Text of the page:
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Converting a Range of URLs to Hyperlinks

Please Note: This article is written for users of the following Microsoft Excel versions: 2000, 2002, and 2003. If you are using a later version (Excel 2007 or later), this tip may not work for you. For a version of this tip written specifically for later versions of Excel, click here: Converting a Range of URLs to Hyperlinks.

John has a workbook that has well over a thousands URLs in it, all in column A. These are not hyperlinks; they are straight text of individual URLs. John wants to convert the URLs to active hyperlinks, but doing the conversion individually is extremely tedious, especially for that many URLs.

As is the case with most tedium in Excel, the solution is to use a macro to do the conversion. To be effective, the macro would need to step through each cell in a selected range and, if the cell is not blank, convert the contents to a hyperlink. The following will do the trick:

Sub URL_List()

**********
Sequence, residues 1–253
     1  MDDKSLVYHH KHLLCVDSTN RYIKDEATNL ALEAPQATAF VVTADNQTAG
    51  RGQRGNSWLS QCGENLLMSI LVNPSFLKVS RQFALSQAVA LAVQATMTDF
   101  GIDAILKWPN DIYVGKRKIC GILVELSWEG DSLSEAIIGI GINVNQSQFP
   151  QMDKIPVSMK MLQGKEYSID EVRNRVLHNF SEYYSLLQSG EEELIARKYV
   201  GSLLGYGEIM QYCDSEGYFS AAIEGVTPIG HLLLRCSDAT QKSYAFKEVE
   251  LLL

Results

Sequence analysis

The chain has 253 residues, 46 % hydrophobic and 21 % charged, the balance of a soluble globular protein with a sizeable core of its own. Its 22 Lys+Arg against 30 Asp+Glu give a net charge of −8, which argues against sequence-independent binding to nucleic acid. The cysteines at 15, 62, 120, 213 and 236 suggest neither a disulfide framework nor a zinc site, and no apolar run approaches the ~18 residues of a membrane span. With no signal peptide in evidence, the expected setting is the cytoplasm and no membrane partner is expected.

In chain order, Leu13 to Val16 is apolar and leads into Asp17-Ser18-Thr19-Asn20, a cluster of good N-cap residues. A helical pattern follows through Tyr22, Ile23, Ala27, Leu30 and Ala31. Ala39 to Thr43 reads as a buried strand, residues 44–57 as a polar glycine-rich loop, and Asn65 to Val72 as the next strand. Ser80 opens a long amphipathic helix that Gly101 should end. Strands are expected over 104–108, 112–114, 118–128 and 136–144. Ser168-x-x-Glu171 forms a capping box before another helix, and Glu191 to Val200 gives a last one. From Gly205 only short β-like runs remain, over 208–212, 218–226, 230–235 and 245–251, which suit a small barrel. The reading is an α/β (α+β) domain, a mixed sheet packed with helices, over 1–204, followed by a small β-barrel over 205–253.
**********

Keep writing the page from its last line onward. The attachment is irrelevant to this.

For Each cell In Selection
        If cell.Value <> "" Then
            If Left(cell.Value, 7) = "http://" Then
                URL = cell.Value
            Else
                URL = "http://" + cell.Value
            End If
            ActiveSheet.Hyperlinks.Add Anchor:=cell, _
              Address:=URL, TextToDisplay:=cell.Value
        End If
    Next cell
End Sub

The macro is not foolproof; it assumes that if a cell contains anything at all it is a valid URL. What it does is to check the cell contents and, if the contents aren't prefaced by the "http://" text, then it is added. The hyperlink is then created based on the cell contents.

ExcelTips is your source for cost-effective Microsoft Excel training. This tip (3110) applies to Microsoft Excel 2000, 2002, and 2003. You can find a version of this tip for the ribbon interface of Excel (Excel 2007 and later) here: Converting a Range of URLs to Hyperlinks.

Related Tips:

Comprehensive VBA Guide Visual Basic for Applications (VBA) is the language used for writing macros in all Office programs. This complete guide shows both professionals and novices how to master VBA in order to customize the entire Office suite for their needs. Check out Mastering VBA for Office 2010 today!

 

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Comments for this tip:

Andreas    06 Nov 2014, 10:51
Thanks, worked like a charm!
 
 

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